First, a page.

Spring cleaning: Remove these items from your garage | PEMCO

April 11, 2024 by PEMCO Insurance
garage-stuff-(1).jpgThe garage can resemble an archeological dig of our lives. But there are some things you should not store in the garage, especially if it means risking your family's health and safety! Read on to find out which items in your garage you may need to move: 

Propane tanks and lawnmower gas

It's fine to keep a spare propane tank on hand to prevent a mid-barbecue sputter, but needs to stay out of your garage. Otherwise, it can pose an explosion hazard in a house fire, and a leaking tank could spark a fire if fumes connect with an ignition source. You can keep it outside on a flat stable surface, far from open flame, or store it in a shed away from the house, where you also should keep your lawnmower gas.


Food stored in your garage attracts rodents and can go bad quickly from exposure to uncontrolled humidity and temperatures. Even canned food should be stored in a cool, dry place (50 to 70 degrees) to prevent rust from forming on lids. If you must store pet food or birdseed in the garage, put the bags in clean metal garbage cans with lids to keep rodents out.

Documents, books and photos

High humidity in garages causes paper to deteriorate and mildew. Photos fade, discolor, and stick together. They're better off inside a closet, stored in a waterproof, plastic container.


Firewood dries poorly in a garage (inadequate air circulation) and insects can hitch a ride into your home.

(Story time: A few years ago, we learned of a home that was inundated with fleas after the homeowner moved in firewood, which harbored unhatched fleas. Flea pupae can actually wait inside their cocoons to hatch for five months until they sense a potential host may be near! Yikes!)

A better idea? Stack firewood outside or in an open-sided shed well away from your house. Bring in only the amount you need for your evening fire.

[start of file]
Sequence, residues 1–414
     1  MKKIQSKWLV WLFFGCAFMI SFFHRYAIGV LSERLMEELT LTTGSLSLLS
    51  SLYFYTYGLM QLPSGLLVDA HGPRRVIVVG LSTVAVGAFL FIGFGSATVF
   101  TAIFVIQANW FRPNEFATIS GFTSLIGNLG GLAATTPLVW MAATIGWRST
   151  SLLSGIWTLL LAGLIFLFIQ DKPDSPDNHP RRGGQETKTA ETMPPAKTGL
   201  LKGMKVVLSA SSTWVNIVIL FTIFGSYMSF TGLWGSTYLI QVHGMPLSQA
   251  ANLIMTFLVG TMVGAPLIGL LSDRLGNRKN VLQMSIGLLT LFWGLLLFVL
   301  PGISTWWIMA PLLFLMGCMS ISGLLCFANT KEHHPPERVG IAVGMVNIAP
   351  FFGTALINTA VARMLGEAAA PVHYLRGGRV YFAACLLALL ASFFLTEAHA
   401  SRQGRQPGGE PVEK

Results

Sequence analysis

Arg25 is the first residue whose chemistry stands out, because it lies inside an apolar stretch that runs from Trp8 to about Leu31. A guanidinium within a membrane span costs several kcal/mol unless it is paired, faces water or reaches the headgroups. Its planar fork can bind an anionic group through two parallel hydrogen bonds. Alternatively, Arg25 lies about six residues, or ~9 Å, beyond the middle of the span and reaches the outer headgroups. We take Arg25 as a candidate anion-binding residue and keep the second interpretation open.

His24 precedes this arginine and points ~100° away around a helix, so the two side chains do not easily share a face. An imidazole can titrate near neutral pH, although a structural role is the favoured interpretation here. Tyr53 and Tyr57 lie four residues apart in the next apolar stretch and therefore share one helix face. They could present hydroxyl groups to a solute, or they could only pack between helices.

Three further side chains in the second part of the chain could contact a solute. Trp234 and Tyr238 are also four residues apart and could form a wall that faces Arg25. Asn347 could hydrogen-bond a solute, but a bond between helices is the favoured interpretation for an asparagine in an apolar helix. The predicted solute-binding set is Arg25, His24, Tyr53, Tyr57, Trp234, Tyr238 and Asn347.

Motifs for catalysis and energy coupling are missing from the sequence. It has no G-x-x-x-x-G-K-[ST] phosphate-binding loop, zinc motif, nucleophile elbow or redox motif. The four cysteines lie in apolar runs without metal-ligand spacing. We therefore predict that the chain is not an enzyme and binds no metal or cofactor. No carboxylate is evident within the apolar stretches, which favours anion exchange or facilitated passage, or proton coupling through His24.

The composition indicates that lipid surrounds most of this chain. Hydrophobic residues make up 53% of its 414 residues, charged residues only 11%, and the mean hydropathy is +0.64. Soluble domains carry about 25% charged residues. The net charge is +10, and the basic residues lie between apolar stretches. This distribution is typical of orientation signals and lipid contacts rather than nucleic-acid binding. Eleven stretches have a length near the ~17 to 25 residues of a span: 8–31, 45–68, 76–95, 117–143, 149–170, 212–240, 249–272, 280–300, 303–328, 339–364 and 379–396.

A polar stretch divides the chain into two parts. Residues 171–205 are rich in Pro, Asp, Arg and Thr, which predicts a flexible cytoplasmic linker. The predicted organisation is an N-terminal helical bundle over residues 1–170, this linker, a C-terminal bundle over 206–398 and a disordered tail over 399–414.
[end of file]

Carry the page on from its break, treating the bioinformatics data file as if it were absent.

Temperature and humidity extremes in your garage can cause unused paint to degrade. Paint cans left on the floor also tend to rust quickly. A better idea: When you finish a paint project, save a small amount for touch-ups (we love inexpensive storage applicators like these because you can buy one for every room, store it in a closet and just touch up whenever you notice a scrape). Recycle the bulky cans and remaining paint.


Temperature and humidity changes are hard on delicate electronic components. (All of us Pacific Northwesterns know that it's not uncommon for our weather to fluctuate from cold and wet one day, to sunny and beautiful the next!) It's better to store them in a closet or under your bed. If you're hanging on to old electronics because you don't know what to do with them, E-Cycle Washington and Oregon E-Cycles can help you find free recycling drop-off sites near you.


Humidity causes wood to swell and warp. Also, upholstered furniture will quickly develop musty odors from both dampness and exposure to exhaust fumes. (The same is true for clothes and sleeping bags.) Sell unused furniture, donate it, or invest in temperature-controlled temporary storage. If you must store furniture in your garage for a short time, get it up off the concrete floor to minimize exposure to moisture.

An added bonus for relocating things that don't belong in the garage? You'll reclaim precious floor space to ensure you can fit the one thing you should always keep in your garage -- your car.

Share on social media

Comments on this post